It may not feel like this is a small amount of cold. But then you remember that last year the Great Cold seasonal node was blessed with a -60 F windchill last year. It was cold enough that even we Minnesotans decided that we could stay home. My grocery store closed. It was very strange.

Compared to that, the cold at the beginning of the year seems small indeed. The Small Cold seasonal node lasts from January 5th to January 19th.

Last week we introduced the concept of seasonal nodes and how tweaking your lifestyle and diet every couple of weeks can not only preserve your health but improve it. Since the focus of this seasonal node is preserving yang qi by supporting the spleen I thought it would be an ideal time to share a yang tonifying recipe. Be warned: the recipe is pretty bland (it’s mostly rice and water) but if you eat it as is or with some tasty root veggies or eggs, I think you’ll find that you’ll feel warm from your fingers to your toes in no time.

Nourishing Winter Congee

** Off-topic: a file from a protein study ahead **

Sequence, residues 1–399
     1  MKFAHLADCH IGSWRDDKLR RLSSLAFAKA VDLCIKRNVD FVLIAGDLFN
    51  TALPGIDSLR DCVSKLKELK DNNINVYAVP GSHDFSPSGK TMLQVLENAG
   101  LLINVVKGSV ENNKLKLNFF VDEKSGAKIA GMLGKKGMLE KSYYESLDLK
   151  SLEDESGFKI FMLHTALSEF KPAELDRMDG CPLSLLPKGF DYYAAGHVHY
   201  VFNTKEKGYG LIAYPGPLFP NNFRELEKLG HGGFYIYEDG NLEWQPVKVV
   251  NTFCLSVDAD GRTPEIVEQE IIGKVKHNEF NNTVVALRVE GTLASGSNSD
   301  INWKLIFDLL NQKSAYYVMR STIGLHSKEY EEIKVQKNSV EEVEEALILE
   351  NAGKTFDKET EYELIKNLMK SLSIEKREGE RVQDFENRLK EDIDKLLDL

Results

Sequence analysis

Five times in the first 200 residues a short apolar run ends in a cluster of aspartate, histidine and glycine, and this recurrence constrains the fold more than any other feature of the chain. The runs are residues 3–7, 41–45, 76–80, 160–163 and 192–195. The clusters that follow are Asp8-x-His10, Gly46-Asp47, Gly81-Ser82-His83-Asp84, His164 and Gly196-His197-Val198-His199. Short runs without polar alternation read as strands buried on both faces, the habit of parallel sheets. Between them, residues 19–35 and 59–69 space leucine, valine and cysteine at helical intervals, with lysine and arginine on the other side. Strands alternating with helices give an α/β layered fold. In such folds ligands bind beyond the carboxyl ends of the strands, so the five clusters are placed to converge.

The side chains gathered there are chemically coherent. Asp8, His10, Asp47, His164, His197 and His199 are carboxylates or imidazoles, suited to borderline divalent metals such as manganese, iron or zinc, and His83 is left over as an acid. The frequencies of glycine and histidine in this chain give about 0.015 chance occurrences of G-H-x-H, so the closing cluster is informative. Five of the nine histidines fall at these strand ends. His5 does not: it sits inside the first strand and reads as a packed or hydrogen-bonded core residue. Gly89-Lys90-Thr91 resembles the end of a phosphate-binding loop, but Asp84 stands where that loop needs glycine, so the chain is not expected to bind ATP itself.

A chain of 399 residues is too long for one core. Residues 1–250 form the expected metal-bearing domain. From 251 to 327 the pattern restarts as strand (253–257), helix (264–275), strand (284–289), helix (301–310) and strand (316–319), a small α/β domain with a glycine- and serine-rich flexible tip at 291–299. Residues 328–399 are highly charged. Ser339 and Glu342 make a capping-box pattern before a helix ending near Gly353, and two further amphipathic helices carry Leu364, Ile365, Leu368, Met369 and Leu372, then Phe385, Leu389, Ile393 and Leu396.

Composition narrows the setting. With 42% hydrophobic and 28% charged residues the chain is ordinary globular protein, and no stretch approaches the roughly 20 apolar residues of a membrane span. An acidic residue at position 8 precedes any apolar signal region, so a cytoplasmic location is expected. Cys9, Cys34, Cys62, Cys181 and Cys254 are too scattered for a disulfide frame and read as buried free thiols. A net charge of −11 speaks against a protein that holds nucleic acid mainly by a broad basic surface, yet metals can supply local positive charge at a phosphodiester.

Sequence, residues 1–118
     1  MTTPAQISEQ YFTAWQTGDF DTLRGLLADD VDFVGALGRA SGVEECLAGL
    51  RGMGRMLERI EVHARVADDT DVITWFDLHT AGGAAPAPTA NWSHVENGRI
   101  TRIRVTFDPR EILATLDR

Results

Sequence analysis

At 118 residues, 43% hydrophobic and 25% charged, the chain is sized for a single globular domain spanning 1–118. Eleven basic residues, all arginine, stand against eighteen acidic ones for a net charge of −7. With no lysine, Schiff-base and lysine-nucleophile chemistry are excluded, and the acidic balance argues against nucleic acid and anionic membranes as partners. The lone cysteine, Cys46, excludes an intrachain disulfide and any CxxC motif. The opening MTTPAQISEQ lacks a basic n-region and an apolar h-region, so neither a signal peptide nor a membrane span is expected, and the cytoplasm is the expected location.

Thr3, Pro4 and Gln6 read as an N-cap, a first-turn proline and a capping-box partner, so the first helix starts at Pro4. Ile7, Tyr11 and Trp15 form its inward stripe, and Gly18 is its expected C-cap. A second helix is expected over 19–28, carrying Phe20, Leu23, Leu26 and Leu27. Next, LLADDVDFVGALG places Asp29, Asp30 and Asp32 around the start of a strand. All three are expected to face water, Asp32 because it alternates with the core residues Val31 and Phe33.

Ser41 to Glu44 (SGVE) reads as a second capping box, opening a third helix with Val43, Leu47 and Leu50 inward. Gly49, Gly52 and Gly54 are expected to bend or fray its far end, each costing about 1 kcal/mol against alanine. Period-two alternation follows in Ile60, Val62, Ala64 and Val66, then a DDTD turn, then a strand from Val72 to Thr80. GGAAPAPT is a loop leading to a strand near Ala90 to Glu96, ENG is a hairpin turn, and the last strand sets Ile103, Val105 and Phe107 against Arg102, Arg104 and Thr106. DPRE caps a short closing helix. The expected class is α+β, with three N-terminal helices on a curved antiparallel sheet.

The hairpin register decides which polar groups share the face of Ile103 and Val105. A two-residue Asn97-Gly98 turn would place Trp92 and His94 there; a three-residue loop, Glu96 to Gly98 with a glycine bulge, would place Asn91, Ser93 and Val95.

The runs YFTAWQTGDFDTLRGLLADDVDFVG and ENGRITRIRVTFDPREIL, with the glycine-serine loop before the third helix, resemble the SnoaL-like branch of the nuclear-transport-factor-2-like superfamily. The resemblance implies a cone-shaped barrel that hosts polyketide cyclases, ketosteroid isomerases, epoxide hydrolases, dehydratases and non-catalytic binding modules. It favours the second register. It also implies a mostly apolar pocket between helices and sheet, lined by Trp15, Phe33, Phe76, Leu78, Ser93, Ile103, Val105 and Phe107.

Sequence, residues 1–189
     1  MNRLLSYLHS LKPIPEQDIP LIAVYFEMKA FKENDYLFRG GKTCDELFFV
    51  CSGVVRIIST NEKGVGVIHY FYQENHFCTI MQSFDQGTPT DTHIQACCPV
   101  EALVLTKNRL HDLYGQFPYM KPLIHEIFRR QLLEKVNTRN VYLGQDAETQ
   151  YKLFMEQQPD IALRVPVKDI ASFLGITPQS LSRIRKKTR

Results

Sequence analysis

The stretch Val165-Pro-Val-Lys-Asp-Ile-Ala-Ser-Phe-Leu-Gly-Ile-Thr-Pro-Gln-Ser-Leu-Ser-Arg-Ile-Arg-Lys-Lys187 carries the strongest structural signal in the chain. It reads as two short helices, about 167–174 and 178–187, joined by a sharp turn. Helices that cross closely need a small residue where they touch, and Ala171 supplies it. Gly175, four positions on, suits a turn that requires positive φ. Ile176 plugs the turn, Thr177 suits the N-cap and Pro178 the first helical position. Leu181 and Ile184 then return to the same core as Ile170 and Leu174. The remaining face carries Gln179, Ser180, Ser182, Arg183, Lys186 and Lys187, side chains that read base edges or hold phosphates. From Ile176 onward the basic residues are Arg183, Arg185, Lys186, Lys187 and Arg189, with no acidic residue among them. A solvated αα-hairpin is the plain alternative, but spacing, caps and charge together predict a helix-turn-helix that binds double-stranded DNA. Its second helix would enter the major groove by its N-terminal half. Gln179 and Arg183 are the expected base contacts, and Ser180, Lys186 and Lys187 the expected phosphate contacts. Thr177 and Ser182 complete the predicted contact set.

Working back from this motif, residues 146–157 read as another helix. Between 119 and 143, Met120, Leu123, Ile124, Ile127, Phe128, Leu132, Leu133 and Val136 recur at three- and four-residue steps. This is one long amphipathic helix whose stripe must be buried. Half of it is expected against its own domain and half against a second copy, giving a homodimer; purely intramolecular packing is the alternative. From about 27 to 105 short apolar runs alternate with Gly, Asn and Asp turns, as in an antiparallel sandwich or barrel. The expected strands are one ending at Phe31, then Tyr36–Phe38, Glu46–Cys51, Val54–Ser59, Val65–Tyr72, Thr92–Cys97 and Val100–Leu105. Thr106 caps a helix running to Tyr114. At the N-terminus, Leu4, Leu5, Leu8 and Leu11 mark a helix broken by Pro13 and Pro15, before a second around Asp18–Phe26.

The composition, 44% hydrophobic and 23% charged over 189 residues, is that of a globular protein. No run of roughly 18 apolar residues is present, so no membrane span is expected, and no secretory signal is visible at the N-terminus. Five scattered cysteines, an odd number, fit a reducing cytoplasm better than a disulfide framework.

Last week we introduced the concept of seasonal nodes and how tweaking your lifestyle and diet every couple of weeks can not only preserve your health but improve it.

Since the focus of this seasonal node is preserving yang qi by supporting the spleen I thought it would be an ideal time to share a yang tonifying recipe.

Be warned: the recipe is pretty bland (it’s mostly rice and water) but if you eat it as is or with some tasty root veggies or eggs, I think you’ll find that you’ll feel warm from your fingers to your toes in no time.

Staying warm after the Winter Solstice

Wow, friends. It’s definitely winter. I do like seasonal change but sub-zero temps can be a little much for even me.
How did you survive? Hot cocoa? Sauna? Hibernating under a blanket? (No really, I want to know so leave a comment below.)